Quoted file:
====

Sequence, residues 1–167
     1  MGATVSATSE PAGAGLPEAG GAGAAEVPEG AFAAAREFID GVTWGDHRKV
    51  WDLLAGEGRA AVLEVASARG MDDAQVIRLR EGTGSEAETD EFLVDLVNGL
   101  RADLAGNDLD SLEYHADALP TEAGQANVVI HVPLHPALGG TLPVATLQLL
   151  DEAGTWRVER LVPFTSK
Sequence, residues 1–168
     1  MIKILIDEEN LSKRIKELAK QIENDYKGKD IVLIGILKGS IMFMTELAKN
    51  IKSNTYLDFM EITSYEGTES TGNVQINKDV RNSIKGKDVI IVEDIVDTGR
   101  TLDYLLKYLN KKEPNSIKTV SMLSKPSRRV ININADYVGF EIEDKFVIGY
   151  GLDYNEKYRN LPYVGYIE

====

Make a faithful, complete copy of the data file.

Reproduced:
Sequence, residues 1–167
     1  MGATVSATSE PAGAGLPEAG GAGAAEVPEG AFAAAREFID GVTWGDHRKV
    51  WDLLAGEGRA AVLEVASARG MDDAQVIRLR EGTGSEAETD EFLVDLVNGL
   101  RADLAGNDLD SLEYHADALP TEAGQANVVI HVPLHPALGG TLPVATLQLL
   151  DEAGTWRVER LVPFTSK
Sequence, residues 1–168
     1  MIKILIDEEN LSKRIKELAK QIENDYKGKD IVLIGILKGS IMFMTELAKN
    51  IKSNTYLDFM EITSYEGTES TGNVQINKDV RNSIKGKDVI IVEDIVDTGR
   101  TLDYLLKYLN KKEPNSIKTV SMLSKPSRRV ININADYVGF EIEDKFVIGY
   151  GLDYNEKYRN LPYVGYIE